At times it must appear to readers that we are obsessed with the status of the U.S. economy and the incredible strain unbridled deficits and debt will put on it in the long run.
Guilty, as charged. Borrowing almost one-third of the money needed to operate the federal government every year is unsustainable. One simply cannot borrow a trillion dollars a year indefinitely.
Furthermore, although there are no immediate signs that the U.S. is having trouble finding people to buy our debt, we are setting a terrible example for other countries. And many following our lead are starting to have major problems.
A look at some of the headlines in Wednesday's Wall Street Journal is instructive. On Page 11A are stories titled "Lending Gaps Challenge Central Bank" and "Swiss Economy Shows Weakness." Page C1 has a lead story with the headline "Spain Seeks to Stem Bank Crisis."
All of these stories deal with economies in Europe. When we think of troubled European economies, we think of Greece and Portugal. Spain apparently needs to be added to that list immediately.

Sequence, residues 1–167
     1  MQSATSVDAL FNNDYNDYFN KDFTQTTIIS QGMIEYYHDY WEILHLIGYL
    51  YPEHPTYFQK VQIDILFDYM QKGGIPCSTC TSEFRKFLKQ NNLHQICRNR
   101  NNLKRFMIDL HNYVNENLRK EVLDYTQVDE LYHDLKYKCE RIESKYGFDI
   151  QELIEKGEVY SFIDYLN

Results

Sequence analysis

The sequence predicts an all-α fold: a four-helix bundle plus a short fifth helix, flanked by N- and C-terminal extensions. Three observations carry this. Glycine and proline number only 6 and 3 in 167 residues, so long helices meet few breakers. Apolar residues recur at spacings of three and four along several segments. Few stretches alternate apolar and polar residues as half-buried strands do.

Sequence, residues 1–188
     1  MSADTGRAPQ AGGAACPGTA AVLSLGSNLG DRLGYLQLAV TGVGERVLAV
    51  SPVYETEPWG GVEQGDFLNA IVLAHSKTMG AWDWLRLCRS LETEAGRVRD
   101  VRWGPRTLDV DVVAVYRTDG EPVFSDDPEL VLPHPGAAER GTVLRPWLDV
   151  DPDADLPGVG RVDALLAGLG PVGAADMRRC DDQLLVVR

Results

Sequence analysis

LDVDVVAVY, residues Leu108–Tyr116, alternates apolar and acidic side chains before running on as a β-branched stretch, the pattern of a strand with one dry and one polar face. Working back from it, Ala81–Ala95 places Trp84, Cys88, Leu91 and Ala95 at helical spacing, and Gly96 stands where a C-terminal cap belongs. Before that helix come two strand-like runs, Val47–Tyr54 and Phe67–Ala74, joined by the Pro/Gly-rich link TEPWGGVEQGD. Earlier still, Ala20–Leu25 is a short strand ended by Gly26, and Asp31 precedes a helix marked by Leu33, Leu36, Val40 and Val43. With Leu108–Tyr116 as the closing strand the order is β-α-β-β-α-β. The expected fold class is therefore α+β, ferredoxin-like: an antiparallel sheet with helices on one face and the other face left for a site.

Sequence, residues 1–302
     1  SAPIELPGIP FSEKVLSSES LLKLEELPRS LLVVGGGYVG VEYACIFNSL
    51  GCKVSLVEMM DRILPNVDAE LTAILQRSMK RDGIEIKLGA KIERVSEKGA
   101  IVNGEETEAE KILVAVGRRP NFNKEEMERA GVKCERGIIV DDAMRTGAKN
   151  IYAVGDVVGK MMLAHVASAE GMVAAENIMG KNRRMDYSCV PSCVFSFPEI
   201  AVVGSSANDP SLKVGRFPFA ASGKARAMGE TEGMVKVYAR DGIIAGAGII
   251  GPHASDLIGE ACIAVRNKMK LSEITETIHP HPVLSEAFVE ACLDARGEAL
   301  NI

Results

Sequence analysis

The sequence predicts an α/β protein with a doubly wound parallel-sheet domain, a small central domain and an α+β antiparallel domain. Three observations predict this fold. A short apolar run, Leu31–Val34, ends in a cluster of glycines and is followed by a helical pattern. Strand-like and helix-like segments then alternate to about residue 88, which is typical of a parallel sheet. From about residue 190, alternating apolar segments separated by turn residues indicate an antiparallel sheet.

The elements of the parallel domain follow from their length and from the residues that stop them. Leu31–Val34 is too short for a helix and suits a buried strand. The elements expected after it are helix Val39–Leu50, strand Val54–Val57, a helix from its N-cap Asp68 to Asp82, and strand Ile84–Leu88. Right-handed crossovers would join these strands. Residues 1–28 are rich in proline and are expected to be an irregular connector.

The story about the lending gaps relates the problem with trying to control interest rates by the European Central Bank. The rates are noticeably higher in Southern Europe where the economic crisis is more immediate - despite all of the countries sharing a common currency, the Euro.
There may be one currency, but there are 17 separate countries - and lenders are judging those economies individually, not as a bloc. The efforts by the European Central Bank are largely ineffective as a result.
As we wrote yesterday, no matter who wins the election here in November, big changes are coming in our taxing and spending policies.
As the United States gets its house in order, it will do the world a large favor by leading by example. Right now, the example we are setting is causing chaos.
* Editorials reflect the opinion of the publisher.